It's not simple, but it can be done.
It's not simple. But it's part of being human.data-page-subject=true
that humans exhibit"classic reward-seeking lab-rat behaviour, the sort that's observed when lab rats are put in front of an unpredictable food dispenser.""That is what keeps us scrolling, scrolling, pressing our lever over and over in the hopes of getting some fleeting sensation— some momentary rush of recognition, flattery or rage," Tolentino added. Depending on likes and retweets from social platforms like Facebook, Instagram, and Twitter, she
in aNew Yorkerpiece, is akin to"playing a slot machine that tells you whether or not people love you."Give yourself a break from the prism of online validation.Image: vicky leta / MashableTry to establish some hard limits in your screen and scrolling time. In
Trick Mirror, Tolentino wrote that she gives herself boundaries like no Instagram stories, no app notifications, and uses apps that shut down her Instagram and Twitter usage after 45 minutes of daily use.Niels Eék — psychologist and co-founder of mental wellbeing and self-development platform Remente — recommended
a digital detox.This involves"switching off all your screens for a certain length of time, ideally for 24 hours. If you feel that 24 hours is too long, then try to first switch off all of your notifications for a few hours, and then proceed to switch off the devices altogether for longer and longer each time."
Identify where your own approval-seeking comes fromEveryone is different and our need for approval and validation can manifest in very different ways. Eék gave me some examples of how this behaviour can be exhibited including:"Changing your opinion when noticing that others disapprove of what you’ve said and done; not complaining when you feel that you’ve been mistreated; pretending to know something when you definitely don't; and apologising too much, even when you know you’ve done nothing wrong."
Klemich suggested being courageous and honest with yourself by asking the following question: Where does my approval-seeking come from? You might have to look back into your past to figure that out, which isn't always comfortable."Approval-seeking is usually a childhood-created coping strategy. Did you feel a need to get love from your parents and create ways to gain their approval? Did you struggle to make friends at school, and subsequently develop a fear of being rejected?" she said."By identifying where the approval-seeking started, you can identify the types of situations that trigger your need for approval in your current life."
SEE ALSO:What to do when body image is affecting your sex lifeIf you're struggling with a fear of rejection, you can develop a need for validation, which manifests as people-pleasing. Klemich said this means people expend emotional energy worrying what others think of them, even sometimes running through mental scenarios and practicing what to say in different situations so that everything goes exactly the way we want it to.
"Sometimes we simply care too much about what people think of us, usually when we suffer from low self-esteem or seek extra stability in our lives, perhaps if we have been excessively judged in childhood, or have been made to feel we are not good enough or were bullied," Klemich said."Our self-worth becomes overly entangled with what others think about us. This in itself can then lead to low self-esteem and lack of confidence as we go about our daily lives thereby needing extra validation from others."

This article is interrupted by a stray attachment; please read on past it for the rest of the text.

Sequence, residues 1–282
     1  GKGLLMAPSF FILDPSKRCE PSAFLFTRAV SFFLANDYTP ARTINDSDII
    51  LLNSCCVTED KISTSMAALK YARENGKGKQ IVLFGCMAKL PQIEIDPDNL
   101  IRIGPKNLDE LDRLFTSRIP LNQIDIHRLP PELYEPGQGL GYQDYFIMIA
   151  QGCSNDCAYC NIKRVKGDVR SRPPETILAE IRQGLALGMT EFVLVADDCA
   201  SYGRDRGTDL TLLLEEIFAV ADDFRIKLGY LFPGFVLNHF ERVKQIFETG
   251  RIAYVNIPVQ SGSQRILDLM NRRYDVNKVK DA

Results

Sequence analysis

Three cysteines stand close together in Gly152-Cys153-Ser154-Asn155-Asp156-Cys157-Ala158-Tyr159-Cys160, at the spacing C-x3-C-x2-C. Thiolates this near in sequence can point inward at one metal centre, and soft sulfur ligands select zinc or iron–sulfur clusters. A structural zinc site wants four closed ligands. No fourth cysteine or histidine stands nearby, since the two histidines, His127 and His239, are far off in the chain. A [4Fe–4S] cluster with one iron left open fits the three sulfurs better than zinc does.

Try journalingTo begin to start caring less about other people's perceptions of you, it could be worth giving journaling a go. If that doesn't sound like something you'd usually do, stay with me. Eék pointed out that there are a lot of benefits to journaling —
boosting self-esteemcan be one of them."Most importantly, it provides you with the time and space to reflect. Too often we spend time on mundane day-to-day tasks, but not nearly enough time reflecting on our past and present, so try to consider recent events, how you’re truly feeling about your life at present, where your priorities lie, and what you hope to achieve long-term," said Eék."Journaling is also an outlet for processing emotions, and doing it on an ongoing basis can help increase your self-awareness."
Set clear boundariesWhen we're hellbent on keeping other people happy, it can be difficult to establish clear boundaries. But it's extremely important."When we can’t say no because our need to be approved by others is greater than our ability to set appropriate boundaries, practice explaining your reasoning of why you would like to do something but that you can’t right now," said Klemich."Start being honest with yourself when you take on a new task or commitment — ask yourself, are you doing it because it is 'right' for you, or because you want to get approval and avoid disapproval?" Evaluate your weekly tasks and consider which of them might be driven by people-pleasing — make a list if that helps. Klemich advised working through that list and making some honest decisions about whether or not you need to do it.
Evaluate your weekly tasks and consider which of them might be driven by people-pleasing.Sarah Griffiths — a specialist trauma and abuse therapist — advised asking for change if situations arise that might violate your boundaries, like if someone speaks to you in a way that you don't like."With tone of voice, if you decide that contempt, impatience and irritation is not acceptable, the next time it happens, simply say, 'Please don't talk to me like that,' and just be firm and don't engage when someone is speaking to you in a tone that is unacceptable to you," she said."Another good one is to ask, 'Why are you speaking to me like that?' 'What is your motivation for what you just said?' or 'Why did you just say/do that?'"
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